Monday, July 27, 2009

Book Review: Down, Down, Down

Down Down Down by Steve Jenkins. (Grades 2-4.)

Steve Jenkins.

Did your heart just skip a beat?

Steve Jenkins is one of those authors who fills librarians' hearts with joy. Why? Because he's a sure bet. A new Steve Jenkins? Yes, please! I don't even have to think about it; I'll take three.

Down Down Down is no exception.

Jenkins starts with the surface. What kinds of sea creatures leap out of the water to be on our level? Dolphins... flying fish... sharks... Okay, we've seen plenty of books on these animals before.

Then Jenkins goes a little deeper. At 10 feet below the surface, we have mackerel and krill. At 33 feet below the surface, the sunlight starts to fade and we have green sea turtles and sailfish. And the deeper we get, the more fantastic, little-known creatures we find. At 1,640 feet below the surface, we have vampire squid and hatchet fish. At 5,000 feet below the surface, we have such terrifying creatures as the deep-sea lizardfish and the hairy angler. And it doesn't stop there! Jenkins is taking us down, down, down... All the way down to the ocean floor.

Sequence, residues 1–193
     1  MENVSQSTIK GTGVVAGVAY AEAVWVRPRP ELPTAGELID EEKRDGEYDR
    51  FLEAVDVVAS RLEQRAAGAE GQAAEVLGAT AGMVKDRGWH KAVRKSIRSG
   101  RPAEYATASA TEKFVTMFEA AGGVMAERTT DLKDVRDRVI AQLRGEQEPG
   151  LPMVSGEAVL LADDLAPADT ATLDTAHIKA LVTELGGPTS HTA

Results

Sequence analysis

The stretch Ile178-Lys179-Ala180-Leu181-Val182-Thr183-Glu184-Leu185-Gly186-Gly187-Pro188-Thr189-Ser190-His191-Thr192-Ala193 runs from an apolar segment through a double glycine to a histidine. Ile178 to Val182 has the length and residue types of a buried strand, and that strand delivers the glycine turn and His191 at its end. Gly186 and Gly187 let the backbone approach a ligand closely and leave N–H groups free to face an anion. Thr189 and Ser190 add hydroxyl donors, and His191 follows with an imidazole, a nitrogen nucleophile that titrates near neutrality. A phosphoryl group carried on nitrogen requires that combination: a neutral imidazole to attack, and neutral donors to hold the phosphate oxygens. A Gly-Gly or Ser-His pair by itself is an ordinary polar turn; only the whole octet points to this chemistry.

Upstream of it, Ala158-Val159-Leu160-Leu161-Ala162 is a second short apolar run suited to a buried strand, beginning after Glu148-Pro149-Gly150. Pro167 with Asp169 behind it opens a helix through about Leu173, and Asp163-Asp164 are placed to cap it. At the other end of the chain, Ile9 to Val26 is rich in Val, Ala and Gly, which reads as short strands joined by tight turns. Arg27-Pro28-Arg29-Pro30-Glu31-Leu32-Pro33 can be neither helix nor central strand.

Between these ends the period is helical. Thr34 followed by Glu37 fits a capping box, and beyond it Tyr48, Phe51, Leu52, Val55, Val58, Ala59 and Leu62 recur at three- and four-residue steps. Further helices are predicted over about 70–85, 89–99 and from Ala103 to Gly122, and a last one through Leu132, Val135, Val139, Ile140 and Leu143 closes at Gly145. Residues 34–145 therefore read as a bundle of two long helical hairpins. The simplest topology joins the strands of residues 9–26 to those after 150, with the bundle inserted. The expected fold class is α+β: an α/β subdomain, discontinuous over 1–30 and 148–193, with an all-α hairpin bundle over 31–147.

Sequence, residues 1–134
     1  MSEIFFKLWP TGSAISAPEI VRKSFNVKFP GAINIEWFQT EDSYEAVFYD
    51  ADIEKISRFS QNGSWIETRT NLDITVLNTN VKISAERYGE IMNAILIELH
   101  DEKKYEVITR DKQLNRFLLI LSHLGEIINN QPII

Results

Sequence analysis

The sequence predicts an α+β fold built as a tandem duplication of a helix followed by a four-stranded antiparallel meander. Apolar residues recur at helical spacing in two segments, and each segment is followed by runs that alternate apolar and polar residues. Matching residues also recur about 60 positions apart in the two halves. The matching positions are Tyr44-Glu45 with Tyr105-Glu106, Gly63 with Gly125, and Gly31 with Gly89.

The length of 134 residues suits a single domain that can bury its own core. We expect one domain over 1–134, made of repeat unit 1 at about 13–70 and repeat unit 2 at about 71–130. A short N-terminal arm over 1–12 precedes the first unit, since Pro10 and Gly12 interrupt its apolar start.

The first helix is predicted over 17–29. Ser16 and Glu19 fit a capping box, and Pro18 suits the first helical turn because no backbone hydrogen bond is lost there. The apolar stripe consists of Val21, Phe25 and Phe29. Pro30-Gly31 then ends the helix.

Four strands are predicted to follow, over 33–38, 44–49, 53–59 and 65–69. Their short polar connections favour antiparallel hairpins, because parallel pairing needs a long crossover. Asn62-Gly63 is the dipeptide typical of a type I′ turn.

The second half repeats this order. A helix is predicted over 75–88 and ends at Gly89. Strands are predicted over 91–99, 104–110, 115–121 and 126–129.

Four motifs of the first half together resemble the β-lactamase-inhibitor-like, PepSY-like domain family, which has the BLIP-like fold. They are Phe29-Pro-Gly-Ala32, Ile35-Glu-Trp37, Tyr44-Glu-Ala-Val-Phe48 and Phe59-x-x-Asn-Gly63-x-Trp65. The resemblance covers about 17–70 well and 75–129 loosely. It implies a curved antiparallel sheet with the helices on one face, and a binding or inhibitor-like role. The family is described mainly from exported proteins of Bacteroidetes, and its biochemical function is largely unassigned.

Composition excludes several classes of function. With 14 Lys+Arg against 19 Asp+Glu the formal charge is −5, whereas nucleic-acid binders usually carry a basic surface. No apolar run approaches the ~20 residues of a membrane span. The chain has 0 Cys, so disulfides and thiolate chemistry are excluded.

At each ocean level, Jenkins provides information about what animals live there and how they survive. What do fish eat when they live so far below the water's surface that no sunlight ever reaches them? What is the bottom of the ocean like? Each spread features Jenkins's fantastic cut-paper illustrations of the creatures found there. Some are absolutely terrifying*!

Kids will pore over Jenkins's detailed illustrations of various creepy creatures. Then they'll turn to the back of the book to find more information about each animal, including scale illustrations. If your patrons are anything like mine, they'll eat up anything about ocean creatures, the creepier the better. Down Down Down won't disappoint.

Happy Nonfiction Monday! Wrapped in Foil has the round-up.

*Until you turn to the back and realize that the animal in question is smaller than your hand. My one criticism is that I wish the scale had been provided on the actual spreads rather than only in the back of the book.